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July 18, 2019

Survey: CT residents downbeat on future; record number plan to leave

PHOTO | FLICKR VIA TIM HAGEN A record number of Connecticut residents say they plan to leave the state in the next five years, according to InformCT.

Connecticut residents are growing pessimistic about the state’s living conditions, a new survey found.

That was just one of the many findings in a new InformCT survey conducted by a nonpartisan research group of the Connecticut Economic Resource Center Inc. (CERC).

The survey, administered at the end of the second quarter in late June, shows a steady decline in the percentage of residents who believe Connecticut is a “good place to live and raise a family.”

Only 44 percent of the 505 state residents in the survey agreed with that statement, down from 47 percent in the first quarter this year and 55 percent in the second quarter of 2018. It was also the lowest percentage since the survey started in the first quarter of 2015.

A record percent of respondents (47 percent) also said they will likely leave the state within the next five years, tying a mark previously set in the fourth quarter of 2018.

But residents are still growing optimistic about the state’s economy and their personal finances.

A record 35 percent of residents said their personal finances are better off today than they were six months ago, as opposed to 23 percent who reported they feel they’re worse off.

Those percentages have flipped compared to InformCT’s last survey three months ago, when 33 percent said they were worse off financially, and 26 percent said they were in better financial standing.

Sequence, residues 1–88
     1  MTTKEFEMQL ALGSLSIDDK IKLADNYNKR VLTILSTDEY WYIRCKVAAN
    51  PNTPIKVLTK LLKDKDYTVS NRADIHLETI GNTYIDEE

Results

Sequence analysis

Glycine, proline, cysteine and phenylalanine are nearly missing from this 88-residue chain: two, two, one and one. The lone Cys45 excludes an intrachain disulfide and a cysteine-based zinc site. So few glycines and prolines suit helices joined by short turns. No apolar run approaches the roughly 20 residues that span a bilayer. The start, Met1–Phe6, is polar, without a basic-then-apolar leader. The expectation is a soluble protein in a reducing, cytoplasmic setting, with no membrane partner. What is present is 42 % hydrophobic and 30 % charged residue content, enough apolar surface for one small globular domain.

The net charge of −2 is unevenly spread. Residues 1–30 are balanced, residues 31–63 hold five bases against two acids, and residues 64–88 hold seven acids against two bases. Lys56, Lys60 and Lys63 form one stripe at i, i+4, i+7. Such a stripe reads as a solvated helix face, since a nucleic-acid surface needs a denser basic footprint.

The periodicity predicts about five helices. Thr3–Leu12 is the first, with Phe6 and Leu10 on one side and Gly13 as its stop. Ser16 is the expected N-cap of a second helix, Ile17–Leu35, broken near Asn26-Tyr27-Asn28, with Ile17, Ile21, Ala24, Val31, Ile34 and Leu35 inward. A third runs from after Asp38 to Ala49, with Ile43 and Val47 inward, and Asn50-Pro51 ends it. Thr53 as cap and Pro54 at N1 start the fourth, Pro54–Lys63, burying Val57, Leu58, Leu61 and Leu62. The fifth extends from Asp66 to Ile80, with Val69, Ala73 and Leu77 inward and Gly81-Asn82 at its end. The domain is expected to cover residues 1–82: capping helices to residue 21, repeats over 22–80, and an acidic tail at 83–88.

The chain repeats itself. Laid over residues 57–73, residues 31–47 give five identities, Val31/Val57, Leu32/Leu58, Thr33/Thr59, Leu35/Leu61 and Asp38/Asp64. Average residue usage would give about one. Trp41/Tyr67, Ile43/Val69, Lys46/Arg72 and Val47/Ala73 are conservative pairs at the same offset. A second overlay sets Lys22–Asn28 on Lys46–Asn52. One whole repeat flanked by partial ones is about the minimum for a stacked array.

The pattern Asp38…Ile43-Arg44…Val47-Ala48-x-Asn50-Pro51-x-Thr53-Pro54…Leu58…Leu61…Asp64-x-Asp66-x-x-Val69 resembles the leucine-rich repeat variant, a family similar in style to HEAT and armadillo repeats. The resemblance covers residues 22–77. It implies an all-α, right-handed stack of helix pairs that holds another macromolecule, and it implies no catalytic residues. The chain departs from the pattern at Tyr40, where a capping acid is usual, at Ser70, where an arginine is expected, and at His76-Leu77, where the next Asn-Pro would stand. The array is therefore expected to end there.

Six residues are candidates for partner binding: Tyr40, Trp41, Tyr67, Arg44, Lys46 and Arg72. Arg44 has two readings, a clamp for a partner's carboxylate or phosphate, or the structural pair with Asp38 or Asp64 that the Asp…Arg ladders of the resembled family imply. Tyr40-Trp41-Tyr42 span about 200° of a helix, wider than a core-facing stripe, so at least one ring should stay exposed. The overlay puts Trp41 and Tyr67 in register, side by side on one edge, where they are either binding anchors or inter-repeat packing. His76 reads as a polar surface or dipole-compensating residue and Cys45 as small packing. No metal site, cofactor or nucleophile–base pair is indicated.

Addressing workforce gaps

Nutmeggers also said they would rather have the state prioritize short-term job training than expand primary and secondary education to fill workforce shortages.

Almost half of respondents chose short-term training and skills development and certificate programs as their “preferred option” to grow the state’s workforce.

That was the unanimous top choice for residents in each employment status category, including retirees, part- and full-time workers, those unemployed and seeking work and others unemployed and not currently looking for a job.

The survey said the highest percentage that preferred expanding K-12 and college offerings was 39 percent of part-time workers. 
Beefing up the state’s efforts to lure more out-of-state workers drew even more pessimism. Less than 20 percent in three of the five employment categories said they preferred actions to attract those workers.

In total, Alissa DeJonge, CERC’s vice president of research, said InformCT’s latest survey drew mixed results from what she called an “uneasy” population.

“They have a definite preference of how the state should help fill jobs that may be coming, and their own personal financial situation is looking up,” DeJonge said. “But they’re less sure of the state’s economic prospects and whether they’ll stick around, even as they say the job picture has brightened.” 

The margin of error in the survey is 4 percent.

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